Fear is one of the most powerful emotions we have. Take for instance the fear of loss. No one wants to lose anything that we have an emotional attachment to. That applies to things, relationships, feelings, etc. Very often we may not even necessarily know if what we are attached to is good for us. What if letting go is the best thing that could happen to us? In this particular case we are afraid to lose our business if we changed the tried and true original business model. Don’t take my word for it. Here is a link to a fabulous book by friend Craig Hughes “The Self-Driving Company: How Getting Out of the Way Enabled My Business to Thrive”. This is the book to read when your start up business is stalling, you have employee turn over issues, you find yourself totally exhausted because you feel like you have to do everything, etc.

A good analogy to being held back by your old beliefs and the things that you are intensely focused on is the way how some monkeys are being caught in Africa. Food or other similarly interest sparking materials are being placed in a space the monkey is surely going to notice. That is typical a hole dug into the ground or an existing cavity in rock formations. When the monkey reaches into the hole grabbing the “bait” his hand no longer fits through the opening of the cavity. The catcher now fast approaches the monkey with the intention to scare him. The monkey stays caught because he does not want to lose the precious things he is holding in his hand (Discover this in action). The more he panics, the tighter he holds on to the loot.

Isn’t that a little like our entrepreneurial situation? The tighter we hold on, the more we get stuck and we get caught. So here is my call to action: Whenever you feel you have run out of options and you do not want to lose what you are attached to, please let mentally go of this attachment. Watch how liberating a feeling it is to look AT your situation and not FROM the middle of it. Ponder if letting go of the old isn’t the best thing that you should do.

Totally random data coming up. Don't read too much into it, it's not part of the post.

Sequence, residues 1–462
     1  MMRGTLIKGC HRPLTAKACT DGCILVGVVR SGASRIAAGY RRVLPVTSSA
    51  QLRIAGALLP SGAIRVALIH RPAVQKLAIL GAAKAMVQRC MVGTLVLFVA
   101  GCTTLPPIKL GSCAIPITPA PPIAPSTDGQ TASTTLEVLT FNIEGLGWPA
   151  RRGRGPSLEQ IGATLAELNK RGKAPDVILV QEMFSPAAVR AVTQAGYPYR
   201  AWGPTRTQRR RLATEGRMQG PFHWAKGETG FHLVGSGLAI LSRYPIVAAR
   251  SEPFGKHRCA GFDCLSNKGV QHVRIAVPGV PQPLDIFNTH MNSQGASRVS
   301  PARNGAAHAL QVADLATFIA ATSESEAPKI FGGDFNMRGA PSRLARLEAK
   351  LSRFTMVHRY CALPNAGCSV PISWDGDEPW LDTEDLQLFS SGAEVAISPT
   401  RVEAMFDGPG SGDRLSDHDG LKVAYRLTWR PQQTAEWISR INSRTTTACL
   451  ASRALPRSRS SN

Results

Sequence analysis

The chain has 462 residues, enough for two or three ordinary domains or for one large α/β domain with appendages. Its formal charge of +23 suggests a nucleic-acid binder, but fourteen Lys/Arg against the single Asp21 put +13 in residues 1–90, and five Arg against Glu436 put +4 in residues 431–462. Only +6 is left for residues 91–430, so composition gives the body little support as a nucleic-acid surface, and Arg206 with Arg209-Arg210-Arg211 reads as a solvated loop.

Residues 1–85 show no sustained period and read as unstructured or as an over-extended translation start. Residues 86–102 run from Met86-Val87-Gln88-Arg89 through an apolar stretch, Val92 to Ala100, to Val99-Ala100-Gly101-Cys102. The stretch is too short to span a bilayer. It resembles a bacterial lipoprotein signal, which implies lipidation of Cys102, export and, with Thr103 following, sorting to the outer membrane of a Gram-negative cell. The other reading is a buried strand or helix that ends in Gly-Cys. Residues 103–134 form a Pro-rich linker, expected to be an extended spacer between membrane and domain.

Ralf

 

13 things that make or break a great teacher


13 things that make or break a great teacher 

Most of us would think that the word teacher merely applies to the school setting. I think that this applies in family, social and also all professional areas as well. To me “teacher” goes hand in hand with being a leader – being a mentor. Can you think of the best teacher you have encountered? Now think of the worst one(s). Interesting contrast do you not agree? My best was my English teacher here in the States while attending evening college. He brought the best out in me even though it was in a language I only learned later in life. Conversely, the worst was my English teacher in German high school who once asserted that I would never, ever “get” English and never be able to speak it correctly and much less being able to write in English. He was also known for throwing his key chain at students when he wanted their attention.

Here are a few attributes that I believe you will find our best teachers (mentors) have in common. They also represent criteria that we must possess as parents and business leader-managers.

A good teacher,

  • has a profound, current knowledge of the subject matter.
  • conducts continuous research in his field or related field.
  • has an intuitive understanding of human learning.
  • has an understanding of student motivation.
  • understands the proper use of assessments / exams.